The FTC is targeting fake customer reviews: “The Federal Trade Commission announced Friday that it's proposing new measures to crack down on fake reviews and other practices used to mislead consumers trying to educate themselves about a potential purchase. The commission published a proposed rule that would prohibit companies from writing or selling fake reviews, buying positive reviews, illegally suppressing negative reviews and more. ‘Our proposed rule on fake reviews shows that we're using all available means to attack deceptive advertising in the digital age,’ Samuel Levine, director of the FTC's Bureau of Consumer Protection, said in a statement. ‘The rule would trigger civil penalties for violators and should help level the playing field for honest companies,’ Levine added.”
“Research shows people overwhelmingly consult online reviews before opening their wallet, but humans are also bad at telling which consumer reviews hold water and which are full of hot air.”
“That's potentially worrisome given that nearly one in every three reviews is fake, according to one estimate.”
“The emergence of generative AI could also supercharge the proliferation of fake reviews across the internet, the FTC said.” READ MORE
More than 80 percent of hotels nationally are short-staffed: “Honolulu-area hotels are currently looking to fill more than 450 job openings, according to postings currently listed on worldwide employment website Indeed. This comes as hotels nationwide are offering incentives to fill more than 100,000 open positions amid the busy summer travel season, according to a recent announcement from the American Hotel and Lodging Association. Among hoteliers nationwide, 82 percent say they are experiencing a staffing shortage, and to combat this, 75 percent of respondents are increasing wages, 64 percent are offering greater flexibility with hours and 36 percent are expanding benefits, according to a national survey conducted by AHLA.”
“Regardless, 87 percent say they are still unable to fill open positions. The most critical staffing need is housekeeping, the survey noted.” READ MORE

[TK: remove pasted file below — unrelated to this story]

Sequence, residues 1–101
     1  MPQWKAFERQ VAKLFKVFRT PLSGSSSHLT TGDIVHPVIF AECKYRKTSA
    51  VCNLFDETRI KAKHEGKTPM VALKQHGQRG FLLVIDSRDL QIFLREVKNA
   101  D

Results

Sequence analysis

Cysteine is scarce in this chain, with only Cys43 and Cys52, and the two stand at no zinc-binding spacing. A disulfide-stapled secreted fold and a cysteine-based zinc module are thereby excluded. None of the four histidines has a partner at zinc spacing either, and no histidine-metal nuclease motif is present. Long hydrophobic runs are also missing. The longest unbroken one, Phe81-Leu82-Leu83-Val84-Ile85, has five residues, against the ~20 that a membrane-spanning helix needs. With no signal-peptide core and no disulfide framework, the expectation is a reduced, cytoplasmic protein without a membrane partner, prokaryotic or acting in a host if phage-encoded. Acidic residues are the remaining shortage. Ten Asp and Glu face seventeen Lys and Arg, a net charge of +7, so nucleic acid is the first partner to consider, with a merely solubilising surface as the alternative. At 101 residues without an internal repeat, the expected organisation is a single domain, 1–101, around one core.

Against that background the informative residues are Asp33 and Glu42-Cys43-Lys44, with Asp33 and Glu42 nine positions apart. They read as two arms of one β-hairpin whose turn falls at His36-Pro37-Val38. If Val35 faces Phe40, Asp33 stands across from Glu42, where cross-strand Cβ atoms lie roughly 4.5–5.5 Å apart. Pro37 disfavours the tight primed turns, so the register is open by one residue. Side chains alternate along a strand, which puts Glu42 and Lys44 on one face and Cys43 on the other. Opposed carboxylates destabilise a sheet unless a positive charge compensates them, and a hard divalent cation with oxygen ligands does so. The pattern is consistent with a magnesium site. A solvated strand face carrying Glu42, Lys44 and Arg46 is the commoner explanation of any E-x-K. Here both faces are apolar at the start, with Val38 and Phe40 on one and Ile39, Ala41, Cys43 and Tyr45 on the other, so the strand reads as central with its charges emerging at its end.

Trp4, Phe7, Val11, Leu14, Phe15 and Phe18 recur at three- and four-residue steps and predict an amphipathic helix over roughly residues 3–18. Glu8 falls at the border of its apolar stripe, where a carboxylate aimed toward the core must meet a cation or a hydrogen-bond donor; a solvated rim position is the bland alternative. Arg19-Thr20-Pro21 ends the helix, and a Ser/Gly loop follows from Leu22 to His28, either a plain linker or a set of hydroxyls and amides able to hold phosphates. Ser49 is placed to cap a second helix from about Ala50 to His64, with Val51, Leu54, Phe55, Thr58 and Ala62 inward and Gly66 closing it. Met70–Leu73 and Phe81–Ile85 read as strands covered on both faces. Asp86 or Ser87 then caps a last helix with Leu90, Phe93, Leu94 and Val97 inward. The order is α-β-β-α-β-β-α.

Still, quit rates are returning to pre-pandemic levels: “The surge in Americans quitting their jobs has abated since peaking during the pandemic, another sign that the labor market is cooling from ultra-hot levels as the Federal Reserve raises interest rates. Americans voluntarily left 3.8 million jobs in April. That marked a drop of 700,000 from 4.5 million in November 2021, the highest level on Labor Department records back to 2000. May quits data will be released at 10 a.m. ET Thursday. The so-called quits rate—the number of resignations as a share of total employment—fell this spring to 2.4 percent, nearly matching the pre-pandemic reading and down from 3 percent as recently as April 2022.” READ MORE
More employers may want to consider offering a student-loan-payment benefit: “Payments employers make toward their employees’ student loans have a tax benefit. The CARES Act passed in March 2020 and the Consolidated Appropriations Act of 2021 allows employers of all sizes to offer tax-free student loan repayment assistance of up to $5,250 per employee per year through the end of 2025, according to Patricia Roberts, chief operating officer at Gift of College Inc. All it takes is an amendment to an employer’s existing education or tuition assistance program.”
“‘Since nearly 50 percent of employers have tuition assistance programs in place, this is a very light lift that can prove to be a win/win for both employers and employees,’ Roberts said in an email. ‘What’s great about this approach is that the employer’s contribution is not considered taxable income to the employee and the employer can take a business tax deduction for student loan contributions made.”